It means that the owners of the property are open to a lease on the property with the option to purchase it later. Many times people with some money, but don't have good credit, would like to get into a home. Without good credit, they aren't able to get a mortgage to secure the property. However, if you are able to lease it, and once your credit improves, then you have the opportunity to purchase the property. Does that make sense?
The Hayley Group, Keller Williams
Typically the tenant will enter into a lease agreement plus an additional agreement to have the option to purchase the property in the future. This does not mean the tenant is obligated to purchase but can using the terms agreed to at the start of the agreement. This option comes at a price; I've seen 5% of the sales price to be the average and will typically go back to the tenant (buyer) if they purchase the property. Some landlords will also credit a portion of paid rents towards the purchase price too. If the tenant does not go forward in purchasing the property within the time limit of the option period the option fee and any rent credits will be forfeited by the tenant. The option term can be extended by paying a new option fee.
The lease option (also known as lease to own) is best suited for areas where there is rapid value appreciation or when a buyer wants to secure the property to live in but needs a little more time to improve their credit or build up a down payment.
For a lease option contract to be legally binding in Texas the tenant must purchase the property within 6 months of executing the option agreement. However, so long buyer and seller agree they can do whatever they want and extend it as long as both parties are willing. After 6 months however should a dispute arise over the situation the courts would most likely void the agreement. As licensed real estate agents, Realtors must tread carefully thru these situations and most will run and hide.
Nora, this will be the 5th question you've asked and Iâ€™ve answered here. I encourage you to e-mail me directly with all future questions. Best of luck!
Mike Gonzalez, REALTORÂ®
Listing Specialist / Buyer Representative
Keller Williams Dallas Northwest
(214) 783-4240| MikeTX@kw.com
It means the seller might allow you to lease as long as you also agree to purchase the property.
We don't suggest this any more as the Texas legislature has essentially outlawed this arrangement. There are people who advertise it and try to work around the law, but the good attorney's I know say don't do it. Both buyer and seller are at significant risk in many cases.
If you are not ready to buy, then lease, but don't mix the two.
Sounds like you've gotten your question answered. I'm way over on the east coast in Prosperity, South Carolina, but short answer - if you are looking to rent, rather than purchase - go elsewhere and just lease, you generally won't have to put down so much up front...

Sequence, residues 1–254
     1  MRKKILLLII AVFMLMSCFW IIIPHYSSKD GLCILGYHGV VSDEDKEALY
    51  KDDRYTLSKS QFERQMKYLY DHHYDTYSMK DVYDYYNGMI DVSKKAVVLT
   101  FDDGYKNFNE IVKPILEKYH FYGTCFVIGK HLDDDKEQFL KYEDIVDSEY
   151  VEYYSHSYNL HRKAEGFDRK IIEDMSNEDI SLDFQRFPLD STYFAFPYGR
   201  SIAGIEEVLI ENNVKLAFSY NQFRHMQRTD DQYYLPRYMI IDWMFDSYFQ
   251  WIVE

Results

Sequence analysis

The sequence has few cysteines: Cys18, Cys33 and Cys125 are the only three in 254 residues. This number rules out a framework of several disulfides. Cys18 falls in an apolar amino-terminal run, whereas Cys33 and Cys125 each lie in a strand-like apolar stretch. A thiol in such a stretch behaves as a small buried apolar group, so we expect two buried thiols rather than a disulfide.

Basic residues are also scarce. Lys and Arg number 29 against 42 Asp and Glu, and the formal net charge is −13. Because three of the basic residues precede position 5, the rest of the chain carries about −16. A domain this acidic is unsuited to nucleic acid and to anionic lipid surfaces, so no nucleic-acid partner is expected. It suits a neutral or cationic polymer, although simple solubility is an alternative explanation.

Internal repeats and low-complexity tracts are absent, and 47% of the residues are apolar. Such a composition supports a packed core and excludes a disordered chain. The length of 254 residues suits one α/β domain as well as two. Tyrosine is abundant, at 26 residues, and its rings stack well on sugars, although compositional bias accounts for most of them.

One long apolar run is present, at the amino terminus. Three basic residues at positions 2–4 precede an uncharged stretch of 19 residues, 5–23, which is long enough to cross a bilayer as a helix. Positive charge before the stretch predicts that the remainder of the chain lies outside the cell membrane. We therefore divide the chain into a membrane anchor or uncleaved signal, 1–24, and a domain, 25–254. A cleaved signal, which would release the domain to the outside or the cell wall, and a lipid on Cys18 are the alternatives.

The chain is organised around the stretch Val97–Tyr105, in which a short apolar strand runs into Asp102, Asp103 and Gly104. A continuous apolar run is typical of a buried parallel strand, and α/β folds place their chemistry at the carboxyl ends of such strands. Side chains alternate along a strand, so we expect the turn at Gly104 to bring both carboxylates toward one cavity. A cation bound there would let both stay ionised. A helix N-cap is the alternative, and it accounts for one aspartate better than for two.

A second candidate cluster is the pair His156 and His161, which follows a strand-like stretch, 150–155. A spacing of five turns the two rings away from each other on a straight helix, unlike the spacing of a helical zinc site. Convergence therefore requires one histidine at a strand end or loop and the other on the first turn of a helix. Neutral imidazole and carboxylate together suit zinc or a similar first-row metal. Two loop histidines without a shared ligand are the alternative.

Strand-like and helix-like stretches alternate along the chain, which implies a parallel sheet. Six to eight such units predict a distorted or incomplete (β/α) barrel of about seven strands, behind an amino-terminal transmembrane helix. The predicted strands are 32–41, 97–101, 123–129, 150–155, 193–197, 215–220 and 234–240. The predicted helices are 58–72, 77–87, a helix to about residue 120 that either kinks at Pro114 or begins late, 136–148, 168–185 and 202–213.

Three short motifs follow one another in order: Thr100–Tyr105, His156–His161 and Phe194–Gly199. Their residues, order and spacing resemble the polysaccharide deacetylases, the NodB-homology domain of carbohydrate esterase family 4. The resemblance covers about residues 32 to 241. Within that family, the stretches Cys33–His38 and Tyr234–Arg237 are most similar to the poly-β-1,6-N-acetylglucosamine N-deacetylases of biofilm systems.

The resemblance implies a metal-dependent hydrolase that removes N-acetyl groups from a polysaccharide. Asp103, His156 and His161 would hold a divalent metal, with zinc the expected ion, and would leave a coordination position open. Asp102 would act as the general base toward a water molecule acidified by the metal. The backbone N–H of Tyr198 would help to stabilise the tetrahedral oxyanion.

Specialist in Land & Investment Properties
There are many tips never enter into a lease purchase unless you have a realtor who represents you. We worked with many families regarding this type of purchase.
HERE ARE A FEW BASIC FACTS:
Buyer and seller agree on a purchase price.
During the term of the option, the buyer agrees to lease the property from the seller for a predetermined rental amount.
The term of the lease purchase agreement is negotiable, length is one year to three years, at which time the buyer applies for bank financing and pays the seller in full.
Option money is nonrefundable.
Nobody else can buy the property unless the buyer defaults.
Buyers are often responsible for maintaining the property paying all expenses associated with its upkeep, including taxes and insurance.
.If the buyer defaults, sellers do not refund any portion of option money and may retain the right to sue for specific performance.
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Surely! It depends on the seller. Is it also for sale? If it's an investor, they are usually looking for someone to purchase. If it is your garden variety seller, they may be looking for any way out of the property that's available.
terri.h @ kw.com
The Hayley Group, Keller Williams
A lease/purchase means that the property is available for lease with the buyer/tenant purchasing the property at the end of the lease period. Depending on the terms of the contract, a portion of the lease may be applied to the purchase price. In Texas, these agreements must be handled with a Contract for Deed. This instrument differs from lease purchase agreements in other areas of the country. The state legislature modified the use of lease purchase agreements several years ago to prevent abuse of buyer/tenants by landlords. A contract for deed must be written as an addendum to a real estate sales contract and since there is not a state approved form, these agreements require an attorney to prepare. Choosing an attorney with experience in this type of contract is extremely important due to the disclosure and reporting requirements of a Contract for Deed. The only reason that a seller would consider a lease/purchase is to attract buyers who may not be able to qualify for financing now, but could qualify in a year or two at the end of the lease. In a buyers market, we are seeing more of these deals. However, more often than not, the seller ends up owning the property at the end of the lease because the buyer still can't qualify for financing.